Aug 16, 2022
Do you struggle to solve case studies and ethical dilemmas? If yes, you are on the right page!
In this blog post, we will go through a framework to solve case study questions in Paper IV of the UPSC CSE Mains exam.
The General Studies Paper IV of UPSC Mains, titled Ethics, Integrity, and Aptitude, can be a tricky and easy paper at the same time. It has two parts, Theory and Case Studies.
Ethics has a smaller syllabus than the other subjects, making it easier to tackle. However, it is tricky to solve as the questions in the paper tend to be subjective and without a single correct answer.
Case Studies in the Ethics paper are designed to bring out logical reasoning and ethical dilemmas in your answers. Case studies are based on real-world situations that you might come across as an administrative officer of the government.
UPSC aims to prepare you for your field experience through these questions. As an administrator, you will come across many situations where you will face a conflict among competing values.
For example, here is a situation. Would you suspend a star performing subordinate for misconduct and thereby cut off his income, or overlook his misdeed, considering his dependent family, thereby giving the impression that bad behaviour is tolerated in your office?
This is just an example, but a civil servant faces such serious issues on a daily basis. The examiner will check to understand whether you are mentally equipped to deal with such types of situations.
In fact, the entire paper of Ethics will assess to check if you can handle such difficult situations. Read Tips to Prepare for the Ethics paper in UPSC Mains if you want a detailed overview of how to solve the entire paper.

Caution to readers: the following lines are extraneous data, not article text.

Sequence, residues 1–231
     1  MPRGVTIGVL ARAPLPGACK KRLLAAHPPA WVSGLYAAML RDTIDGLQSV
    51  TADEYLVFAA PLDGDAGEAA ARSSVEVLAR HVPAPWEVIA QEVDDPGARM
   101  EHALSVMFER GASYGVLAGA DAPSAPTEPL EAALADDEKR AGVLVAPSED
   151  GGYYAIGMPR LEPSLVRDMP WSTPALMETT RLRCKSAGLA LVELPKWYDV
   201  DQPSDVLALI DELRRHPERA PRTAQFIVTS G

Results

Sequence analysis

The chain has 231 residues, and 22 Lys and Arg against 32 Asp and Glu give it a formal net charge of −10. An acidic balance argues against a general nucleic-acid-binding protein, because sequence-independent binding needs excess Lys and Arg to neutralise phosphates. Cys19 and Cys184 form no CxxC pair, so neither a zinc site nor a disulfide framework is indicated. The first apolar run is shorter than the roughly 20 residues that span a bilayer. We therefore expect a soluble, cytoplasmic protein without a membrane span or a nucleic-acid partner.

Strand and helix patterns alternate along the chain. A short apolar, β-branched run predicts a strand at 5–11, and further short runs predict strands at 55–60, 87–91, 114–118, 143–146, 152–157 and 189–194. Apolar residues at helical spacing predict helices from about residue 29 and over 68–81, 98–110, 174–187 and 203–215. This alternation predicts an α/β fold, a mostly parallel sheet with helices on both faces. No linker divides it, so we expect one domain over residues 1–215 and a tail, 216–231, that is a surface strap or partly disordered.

Let’s move on to the next part.
You will come across two types of case studies in your UPSC Mains exam.
Type 1 - Right vs. Wrong.
This type is easy to answer. Here you are dealing with an issue where there is a clear right choice and a clear wrong choice. For example, if you take any step towards personal gains by accepting a bribe, allowing nepotism in your department, or taking any step against the public interest, those are clearly wrong choices.
The right choices can be working for the public interest and welfare and following rules and regulations.
Type 2 - Right vs. Right.
This type is difficult to answer. Here you are faced with finding a solution between two equally right answers. For example, what will you choose if you are given a case study where you have to choose between development or the environment?
In this scenario, development that generates employment and the environment that protects the planet are both important enough to demand equal consideration. This is exactly the type of situation where you face ethical dilemmas and what UPSC wants you to solve.